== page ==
Brian Wells, PhD
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Brian Wells, PhD

Assistant Professor


Physics Department

Dana Hall 212

860.768.4318

brwells@hartford.edu



PhD   University of Massachusetts, Lowell   |   MS   University of Massachusetts, Lowell  |   BA   Clark University


Research interests:

Currently I am interested and in two major areas of research.  (1) Computational and theoretical photonics in composites, metamaterials, and multi-scale systems and (2) the investigation of low dimensional magnetic materials, magnetic frustration, and randomized magnetic systems. 

The first area of research includes computational and theoretical photonics and plasmonics in composites, metamaterials, and multi-scale systems using linear algebra solvers such as MATLAB and Finite Element Method (FEM) software.  This consists of developing theories and performing numerical simulations of optical metamaterials for strongly anisotropic composites that primarily include plasmonic nanowire assemblies. This is being done in collaboration with the University of Massachusetts, Lowell.

In addition to strictly computational and theoretical research I have begun establishing a lab to develop and design affordable microwave metamaterials that can be used to investigate cloaking, negatively indexed materials, super-lensing, and lattice distortion effects.  By scaling up the wavelength to the microwave region, it has made this research very practical for an undergraduate institution.  At longer wavelengths the materials can be fabricated using traditional silk printing techniques with conductive ink on choice substrates.  Numerical and theoretical modeling can be applied and tested using experimental results for these new configurations.

For the second major area, we have been looking at the spin-spin interactions for low dimensional frustrated and randomized magnetic systems.  Using the ALPS project (Algorithms and Libraries for Physics Simulations) open source simulation codes for strongly correlated quantum mechanical systems and MATLAB to compute susceptibilities, magnetization, and energy levels for a variety of magnetic configurations which are then compared to quantum Monte Carlo (QMC) and experimental results.  A primary topic of focus has been magnetic frustration for isolated tetrahedral systems.  These results are compared and fit to QMC and experimental data provided by the magneto-Chemistry group at Clark University.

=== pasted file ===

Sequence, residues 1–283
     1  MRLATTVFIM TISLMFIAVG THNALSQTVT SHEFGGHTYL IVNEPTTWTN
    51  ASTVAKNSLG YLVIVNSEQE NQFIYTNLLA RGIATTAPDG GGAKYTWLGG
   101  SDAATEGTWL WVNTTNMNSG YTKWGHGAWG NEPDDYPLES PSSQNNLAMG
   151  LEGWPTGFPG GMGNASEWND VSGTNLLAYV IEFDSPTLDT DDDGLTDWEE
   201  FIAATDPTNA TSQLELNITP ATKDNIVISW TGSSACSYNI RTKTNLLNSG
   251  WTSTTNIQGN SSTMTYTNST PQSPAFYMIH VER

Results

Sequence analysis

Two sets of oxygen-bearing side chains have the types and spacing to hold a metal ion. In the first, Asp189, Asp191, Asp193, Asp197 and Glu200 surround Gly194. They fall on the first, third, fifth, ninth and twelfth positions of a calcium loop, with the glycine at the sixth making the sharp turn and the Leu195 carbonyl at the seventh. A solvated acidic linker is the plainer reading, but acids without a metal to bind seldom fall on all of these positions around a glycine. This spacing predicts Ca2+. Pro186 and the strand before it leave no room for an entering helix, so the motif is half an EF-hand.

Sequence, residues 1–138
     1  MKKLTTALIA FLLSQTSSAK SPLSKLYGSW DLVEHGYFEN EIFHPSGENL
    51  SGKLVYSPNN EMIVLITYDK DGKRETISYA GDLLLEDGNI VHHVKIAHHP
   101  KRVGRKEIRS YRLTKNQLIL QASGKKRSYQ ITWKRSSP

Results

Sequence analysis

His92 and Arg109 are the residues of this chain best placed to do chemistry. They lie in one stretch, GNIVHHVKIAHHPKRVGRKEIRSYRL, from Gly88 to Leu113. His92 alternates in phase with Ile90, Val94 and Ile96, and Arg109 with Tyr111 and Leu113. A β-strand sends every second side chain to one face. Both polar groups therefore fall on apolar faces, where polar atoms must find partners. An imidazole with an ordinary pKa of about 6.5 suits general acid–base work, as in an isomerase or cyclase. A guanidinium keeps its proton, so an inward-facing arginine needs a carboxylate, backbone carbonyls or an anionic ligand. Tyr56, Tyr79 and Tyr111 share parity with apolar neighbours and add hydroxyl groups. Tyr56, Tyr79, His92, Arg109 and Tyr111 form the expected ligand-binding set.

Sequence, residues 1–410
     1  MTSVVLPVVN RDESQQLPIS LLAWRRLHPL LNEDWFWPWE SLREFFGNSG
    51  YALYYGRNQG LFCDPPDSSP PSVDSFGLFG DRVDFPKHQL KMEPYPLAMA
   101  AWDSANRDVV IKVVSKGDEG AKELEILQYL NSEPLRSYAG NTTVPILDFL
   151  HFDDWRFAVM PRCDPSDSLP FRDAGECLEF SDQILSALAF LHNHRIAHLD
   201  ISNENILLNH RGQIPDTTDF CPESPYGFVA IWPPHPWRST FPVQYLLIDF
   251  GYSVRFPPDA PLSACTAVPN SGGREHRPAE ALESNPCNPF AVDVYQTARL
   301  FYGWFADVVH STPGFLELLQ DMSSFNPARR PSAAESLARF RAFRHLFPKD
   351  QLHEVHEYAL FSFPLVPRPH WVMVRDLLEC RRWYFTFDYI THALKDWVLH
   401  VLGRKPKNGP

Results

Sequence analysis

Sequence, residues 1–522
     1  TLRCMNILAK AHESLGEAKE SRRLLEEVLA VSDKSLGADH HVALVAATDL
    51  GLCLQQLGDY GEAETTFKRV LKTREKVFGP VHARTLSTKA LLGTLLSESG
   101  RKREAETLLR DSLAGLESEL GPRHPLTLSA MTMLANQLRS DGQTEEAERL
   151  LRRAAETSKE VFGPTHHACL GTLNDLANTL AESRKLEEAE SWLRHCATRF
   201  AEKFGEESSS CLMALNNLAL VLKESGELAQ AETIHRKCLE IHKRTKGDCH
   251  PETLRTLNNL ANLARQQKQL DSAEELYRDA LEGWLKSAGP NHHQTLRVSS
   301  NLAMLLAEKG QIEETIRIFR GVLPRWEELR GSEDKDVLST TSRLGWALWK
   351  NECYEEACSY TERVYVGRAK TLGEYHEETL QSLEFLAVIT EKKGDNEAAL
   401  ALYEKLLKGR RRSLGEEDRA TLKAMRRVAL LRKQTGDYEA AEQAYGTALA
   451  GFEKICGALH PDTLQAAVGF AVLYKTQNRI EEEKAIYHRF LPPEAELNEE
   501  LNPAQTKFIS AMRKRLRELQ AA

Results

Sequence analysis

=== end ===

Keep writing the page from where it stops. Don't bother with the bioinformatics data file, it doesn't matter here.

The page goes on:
Selected Publications:

  • B. Wells, Zh. A. Kudyshev, N. Litchinitser, V.A. Podolskiy, “Nonlocal Effects In Transition Hyperbolic Metamaterials” ACS Photonics, (2017)
  • S. Peruch, A. Neira, G. A. Wurtz, B. Wells, V. A. Podolskiy, and A.V. Zayats, “Geometry Defines Ultrafast Hot‐Carrier Dynamics and Kerr Nonlinearity in Plasmonic Metamaterial Waveguides and Cavities”. Advanced Optical Materials, (2017), 5(15),
  • P. Ginzburg, D. J. Roth, M.E. Nasir, P. Segovia, A. V. Krasavin, J. Levitt, L. M. Hirvonen, B. M. Wells, K. Suhling, D. Richards, V. A. Podolskiy, and A. V. Zayats, “Spontaneous emission in non-local materials”, Light: Science & Applications, 6, (2017), e16273
  • Brian M. Wells, Pavel Ginzburg, Viktor A. Podolskiy, Anatoly V. Zayats, “Spontaneous Emission in Nonlocal Metamaterials with Spatial Dispersion”, Quantum Plasmonics. Springer International Publishing, (2017), 237-277.
  • Brian M. Wells, Wei Guo,  and Viktor Podolskiy, “Homogenization of nanowire-based composites with anisotropic unit cell and layered substructure”, MRS Communications (2016), 6, 23–29
  • Brian M. Wells, Christopher M. Roberts, and Viktor A. Podolskiy. "Metamaterials-based Salisbury screens with reduced angular sensitivity." Applied Physics Letters 105.16 (2014): 161105.
  • Viktor Podolskiy, Pavel Ginzburg, Brian Wells, Anatoly Zayats, “FD 178: Light emission in nonlocal plasmonic metamaterials”, Faraday Discussions, 2014, 2014
  • Kun-Tong Tsai, Gregory A Wurtz, Jen-You Chu, Tian-You Cheng, Huai-Hsien Wang, Alexey V Krasavin, Jr-Hau He, Brian M Wells, Viktor A Podolskiy, Juen-Kai Wang, Yuh-Lin Wang, Anatoly V Zayats, "Looking into Meta-Atoms of Plasmonic Nanowire Metamaterial." Nano letters 14.9 (2014): 4971-4976.
  • Brian M Wells, Anatoly V Zayats, Viktor A Podolskiy, "Nonlocal optics of plasmonic nanowire metamaterials." Physical Review B 89.3 (2014): 035111.
  • SM Prokes, Orest J Glembocki, JE Livenere, TU Tumkur, JK Kitur, G Zhu, B Wells, VA Podolskiy, MA Noginov, "Hyperbolic and plasmonic properties of Silicon/Ag aligned nanowire arrays." Optics express 21.12 (2013): 14962-14974.
  • Robert T Butcher, Juan J Novoa, Jordi Ribas-Ariño, Anders W Sandvik, Mark M Turnbull, Christopher P Landee, Brian M Wells, Firas F Awwadi, "Strong through-space two-halide magnetic exchange of− 234 K in (2, 5-dimethylpyrazine) copper (ii) bromide." Chemical Communications 11 (2009): 1359-1361.
  • Mark M Turnbull, Christopher P Landee, Brian M Wells, "Magnetic exchange interactions in tetrabromocuprate compounds." Coordination chemistry reviews 249.23 (2005): 2567-2576.
  • Firas F Awwadi, Christopher P Landee, Mark M Turnbull, Brendan Twamley, Brian M Wells, "Low-dimensional quantum magnetic systems: Synthesis, structure and magnetic behavior of (2, 5-dimethylpyrazine) copper (II) chloride and synthesis and magnetic behavior of bis (2, 6-dimethylpyrazine) copper (II) chloride." Polyhedron 24.16 (2005): 2153-2159.
  • Brian M Wells, Christopher P Landee, Mark M Turnbull, Firas F Awwadi, Brendan Twamley, "Design and synthesis of magnetic ladders: structure and magnetic properties of Cu (2, 3-dimethylpyrazine) Br2." Journal of Molecular Catalysis A: Chemical 228.1 (2005): 117-123.